Just a few weeks ago I was writing about an animations core written by Andrew Lockington, “Pirate’s passage”. It’s time for a complete change of scenery now as he takes on the disaster movie of 2015, “San Andreas”. I could mention what the story is or just say blah blah blah, it wouldn’t make any difference. I don’t watch disaster movies for the story. I watch them for the CGI and the spectacular explosions and action scenes. Popcorn was invented for this and I will surely rush to see Dwayne Johnson’s adventures as a firefighter trying to find his estranged daughter together with his ex-wife in the aftermath of a major earthquake along the San Andreas Fault.
Now for me, a disaster movie score should be balls to the walls. Go big or go extinct, to quote from another bombastic movie score. Go big also means a sweeping choral main theme announcing the coming disaster and suggesting to me all kinds of huge things. The main theme is textbook epic and I love it. Starts with the choir and builds up into an anthem that makes me very confident in this score. We then get into “Natalie’s rescue” which is nothing you haven’t heard before in terms or frantic action but sounds very good. It’s an explosive cue and it would have been even more memorable without the electronic sounds. The orchestral part was nice though. You know this cue; you’ve heard it quite a few times before in similar movies.
We get introduced to the emotional parts of the score in “Caltech” and, especially, “Divorce papers”. It’s the kind of emotion I’ve heard before in scores like “Battle LA” or 90s disaster movies. It’s that soft piano theme on an almost elegiac background which finally builds up to a beautiful and heroic conclusion. You can’t miss with a cue like this in the context of “San Andreas”. You also need a piece like the heroic and inspirational Americana piece “San Francisco”. I can see the flags rising.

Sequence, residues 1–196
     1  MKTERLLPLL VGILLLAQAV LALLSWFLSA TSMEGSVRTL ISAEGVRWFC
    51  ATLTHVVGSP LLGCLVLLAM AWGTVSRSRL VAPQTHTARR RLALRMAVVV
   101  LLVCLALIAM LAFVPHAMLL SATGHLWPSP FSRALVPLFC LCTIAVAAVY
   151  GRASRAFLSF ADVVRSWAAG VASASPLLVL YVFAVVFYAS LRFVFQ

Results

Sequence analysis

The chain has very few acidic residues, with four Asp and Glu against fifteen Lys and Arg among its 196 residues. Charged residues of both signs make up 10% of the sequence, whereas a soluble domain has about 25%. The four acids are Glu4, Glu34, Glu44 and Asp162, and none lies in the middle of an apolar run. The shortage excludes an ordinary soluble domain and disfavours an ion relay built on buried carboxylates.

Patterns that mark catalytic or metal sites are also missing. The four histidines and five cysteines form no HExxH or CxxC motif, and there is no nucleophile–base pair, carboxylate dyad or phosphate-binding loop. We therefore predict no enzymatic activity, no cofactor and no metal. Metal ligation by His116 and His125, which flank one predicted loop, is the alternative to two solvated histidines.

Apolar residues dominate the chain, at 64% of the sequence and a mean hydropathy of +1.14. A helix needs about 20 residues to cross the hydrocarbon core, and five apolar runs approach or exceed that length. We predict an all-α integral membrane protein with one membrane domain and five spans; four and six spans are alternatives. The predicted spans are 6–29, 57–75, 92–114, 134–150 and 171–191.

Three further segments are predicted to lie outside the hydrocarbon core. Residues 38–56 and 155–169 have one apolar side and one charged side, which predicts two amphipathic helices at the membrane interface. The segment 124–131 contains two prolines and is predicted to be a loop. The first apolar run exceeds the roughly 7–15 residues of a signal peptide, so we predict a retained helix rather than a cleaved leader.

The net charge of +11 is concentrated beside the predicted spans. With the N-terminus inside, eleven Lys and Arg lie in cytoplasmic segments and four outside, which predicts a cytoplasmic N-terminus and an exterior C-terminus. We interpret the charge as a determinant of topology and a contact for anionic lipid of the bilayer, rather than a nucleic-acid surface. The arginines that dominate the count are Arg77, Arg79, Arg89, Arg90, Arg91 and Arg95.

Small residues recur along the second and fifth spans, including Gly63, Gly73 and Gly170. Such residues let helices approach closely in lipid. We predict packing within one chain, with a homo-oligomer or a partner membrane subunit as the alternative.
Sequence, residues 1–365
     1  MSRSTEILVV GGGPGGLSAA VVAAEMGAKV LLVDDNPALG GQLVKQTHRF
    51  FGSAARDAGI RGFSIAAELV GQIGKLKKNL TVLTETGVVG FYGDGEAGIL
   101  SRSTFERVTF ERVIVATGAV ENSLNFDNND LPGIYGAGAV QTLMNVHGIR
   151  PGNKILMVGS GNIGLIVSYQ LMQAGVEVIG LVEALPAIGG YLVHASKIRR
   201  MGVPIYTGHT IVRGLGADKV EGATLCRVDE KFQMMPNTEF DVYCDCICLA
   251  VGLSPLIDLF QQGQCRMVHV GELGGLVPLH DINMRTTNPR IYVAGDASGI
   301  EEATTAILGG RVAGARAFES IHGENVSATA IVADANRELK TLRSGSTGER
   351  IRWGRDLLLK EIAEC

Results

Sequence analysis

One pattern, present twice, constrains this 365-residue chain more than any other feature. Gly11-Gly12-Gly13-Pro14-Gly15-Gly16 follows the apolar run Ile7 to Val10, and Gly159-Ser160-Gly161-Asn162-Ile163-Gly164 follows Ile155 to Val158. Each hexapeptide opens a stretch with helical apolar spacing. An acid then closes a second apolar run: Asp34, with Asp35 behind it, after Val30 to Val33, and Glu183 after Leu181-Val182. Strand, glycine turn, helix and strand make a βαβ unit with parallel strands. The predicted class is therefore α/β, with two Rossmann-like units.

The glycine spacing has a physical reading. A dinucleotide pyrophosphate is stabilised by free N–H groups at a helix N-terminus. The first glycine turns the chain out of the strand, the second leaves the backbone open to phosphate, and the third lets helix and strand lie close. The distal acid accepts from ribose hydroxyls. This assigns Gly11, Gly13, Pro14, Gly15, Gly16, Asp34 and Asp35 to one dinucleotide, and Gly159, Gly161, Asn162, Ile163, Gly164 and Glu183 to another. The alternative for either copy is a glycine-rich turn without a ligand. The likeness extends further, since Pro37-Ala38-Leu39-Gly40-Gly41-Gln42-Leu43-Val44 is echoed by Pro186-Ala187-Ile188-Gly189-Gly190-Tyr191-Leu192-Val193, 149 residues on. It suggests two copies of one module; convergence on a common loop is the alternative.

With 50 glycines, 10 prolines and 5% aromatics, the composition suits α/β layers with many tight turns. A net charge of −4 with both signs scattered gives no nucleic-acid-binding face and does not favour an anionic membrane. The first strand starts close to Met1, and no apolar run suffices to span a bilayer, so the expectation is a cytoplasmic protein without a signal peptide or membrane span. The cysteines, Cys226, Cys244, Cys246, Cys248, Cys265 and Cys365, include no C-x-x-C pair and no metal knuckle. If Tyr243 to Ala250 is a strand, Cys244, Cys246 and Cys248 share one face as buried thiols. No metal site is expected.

The middle part of the score doesn’t offer many thrills and 70 minutes might be too much. I think “San Andreas” would have worked even better condensed in 45-50 minutes of excellent music. The action moments are very well done and don’t waste much time. They just come and they hit with everything they have. There are times during “San Andreas” when I get really excited, like parts of “Emma’s rescue” or the beautiful “Skydive”. The end of the score is particularly intense and emotional. “I’ll bring her back” and “End credits” are my favorite parts of the album and show the enormous potential of this composer. “End credits” will land straight into my running playlist.
My problem is that I would have expected this kind of score or sound from one of the regular action music composers around. Andrew Lockington is a different name, someone who always has something special to say musically and I guess I don’t hear it in “San Andreas”. The score works and is very exciting but there’s nothing new or unheard of in it. Tomorrow I will not be able to tell this score from other similar ones so this will make it hard for me to return to it. Count this as a very good action score that doesn’t really offer any surprises. But hey, I can’t complain, it sounded great.
Cue rating: 87 / 100
Total minutes of excellence: 25 / 69
Album excellence: 37%
San Andreas Main Theme
I’ll Bring Her Back
I Love You Dad
San Andreas End Credits